QUESTIONS: alpha-helix "signals" in proteins

Simon Brocklehurst Bioc smb18 at mole.bio.cam.ac.uk
Mon Jul 11 08:27:41 EST 1994

maglor at bsac.uchc.edu writes:

(stuff deleted)

   I agree with your points about the folding of different proteins possibly
occuring by different mechanisms (different values of rate constants etc).
The aim of  my contributions to this devate have was to try and counter the claim
made a long while back that it can be taken as read that _everyone_
thinks that protein folding is thermodynamically controlled, and that
there can be no sensible arguments against this case.

> Finally, for
>predicting 3-D structure I feel that this argument has some but limited bearing.
>Realistically, even the highest energy "kinetically trapped" structures will
>probably have energies and conformations very similar to the GLOBAL MINIMUM.

     Similar energies maybe (even completely unfolded states have similar energies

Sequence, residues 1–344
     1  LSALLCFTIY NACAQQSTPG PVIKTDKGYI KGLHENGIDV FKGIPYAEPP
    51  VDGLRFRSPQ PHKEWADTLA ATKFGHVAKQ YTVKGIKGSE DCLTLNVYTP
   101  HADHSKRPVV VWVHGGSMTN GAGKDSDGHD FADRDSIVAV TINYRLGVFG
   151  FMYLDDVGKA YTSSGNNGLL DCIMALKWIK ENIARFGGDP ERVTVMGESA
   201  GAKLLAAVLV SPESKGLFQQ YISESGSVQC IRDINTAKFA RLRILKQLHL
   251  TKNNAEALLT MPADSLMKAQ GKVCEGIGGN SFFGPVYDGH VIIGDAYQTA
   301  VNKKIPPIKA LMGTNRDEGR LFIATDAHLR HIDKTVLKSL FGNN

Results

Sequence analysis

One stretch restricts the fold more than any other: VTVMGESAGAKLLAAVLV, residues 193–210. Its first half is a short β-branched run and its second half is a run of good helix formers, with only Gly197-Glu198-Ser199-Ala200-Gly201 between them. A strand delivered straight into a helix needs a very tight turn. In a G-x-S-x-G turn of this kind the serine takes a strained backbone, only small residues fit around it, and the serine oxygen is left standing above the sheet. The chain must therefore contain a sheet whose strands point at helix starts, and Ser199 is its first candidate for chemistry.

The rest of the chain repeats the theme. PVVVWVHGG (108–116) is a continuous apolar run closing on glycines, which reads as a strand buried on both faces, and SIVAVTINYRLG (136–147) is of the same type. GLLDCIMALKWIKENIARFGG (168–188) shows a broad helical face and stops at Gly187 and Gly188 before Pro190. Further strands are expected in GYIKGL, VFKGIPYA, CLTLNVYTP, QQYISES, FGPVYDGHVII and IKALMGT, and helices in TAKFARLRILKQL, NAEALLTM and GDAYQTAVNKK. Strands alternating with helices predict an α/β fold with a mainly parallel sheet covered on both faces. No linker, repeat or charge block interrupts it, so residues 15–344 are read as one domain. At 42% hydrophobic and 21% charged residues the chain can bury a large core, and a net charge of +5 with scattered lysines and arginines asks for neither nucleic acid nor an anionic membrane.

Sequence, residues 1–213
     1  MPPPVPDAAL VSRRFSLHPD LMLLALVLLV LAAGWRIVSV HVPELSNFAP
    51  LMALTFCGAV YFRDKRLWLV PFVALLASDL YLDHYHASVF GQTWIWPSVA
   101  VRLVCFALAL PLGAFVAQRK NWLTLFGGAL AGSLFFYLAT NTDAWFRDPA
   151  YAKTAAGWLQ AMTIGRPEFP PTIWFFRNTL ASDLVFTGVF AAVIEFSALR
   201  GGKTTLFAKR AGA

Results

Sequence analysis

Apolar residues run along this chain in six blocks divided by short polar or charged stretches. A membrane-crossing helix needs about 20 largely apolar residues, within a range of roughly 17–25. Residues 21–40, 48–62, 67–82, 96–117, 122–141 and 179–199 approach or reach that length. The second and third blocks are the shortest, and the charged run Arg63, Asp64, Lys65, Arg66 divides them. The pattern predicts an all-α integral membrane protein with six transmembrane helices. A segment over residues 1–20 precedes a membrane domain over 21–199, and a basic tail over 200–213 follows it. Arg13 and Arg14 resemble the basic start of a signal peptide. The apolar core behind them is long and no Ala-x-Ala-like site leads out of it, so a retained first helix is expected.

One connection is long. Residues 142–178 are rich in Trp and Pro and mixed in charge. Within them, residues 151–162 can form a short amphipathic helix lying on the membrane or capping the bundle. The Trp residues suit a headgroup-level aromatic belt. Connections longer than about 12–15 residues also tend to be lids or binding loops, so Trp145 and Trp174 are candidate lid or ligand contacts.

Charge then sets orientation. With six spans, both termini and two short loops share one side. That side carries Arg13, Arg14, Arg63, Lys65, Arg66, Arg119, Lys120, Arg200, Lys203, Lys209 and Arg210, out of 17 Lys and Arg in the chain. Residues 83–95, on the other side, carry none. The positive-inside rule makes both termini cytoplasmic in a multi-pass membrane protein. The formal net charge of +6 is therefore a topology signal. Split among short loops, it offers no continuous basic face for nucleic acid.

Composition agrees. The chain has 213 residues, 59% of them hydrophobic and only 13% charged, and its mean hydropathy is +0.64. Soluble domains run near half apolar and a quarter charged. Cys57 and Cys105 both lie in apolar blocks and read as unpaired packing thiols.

to native states), similar conformations and dynamic properties - who knows?

>Therefore, if we can develop methods for rapidlly predicting these minimum 
>energy structures from the amino acid sequence we will gain insight into both
>the kinetic and the thermodynamic aspects of protein folding.

     Probably the most important prediction that we need to be able to make 
to understand protein FUNCTION, is to know what the NATIVE state is like (from
a knowledge of amino acid sequence).

     If the GLOBAL MINIMUM is different to the native state, then there is
going to be a problem for those that don't want to use information pertaining to
natural folding pathways to predict the native state.

|  ,_ o     Simon M. Brocklehurst,
| /  //\,   Oxford Centre for Molecular Sciences,
|   \>> |   Department of Biochemistry, University of Oxford,
|    \\,    Oxford, UK.
|           E-mail: smb at bioch.ox.ac.uk

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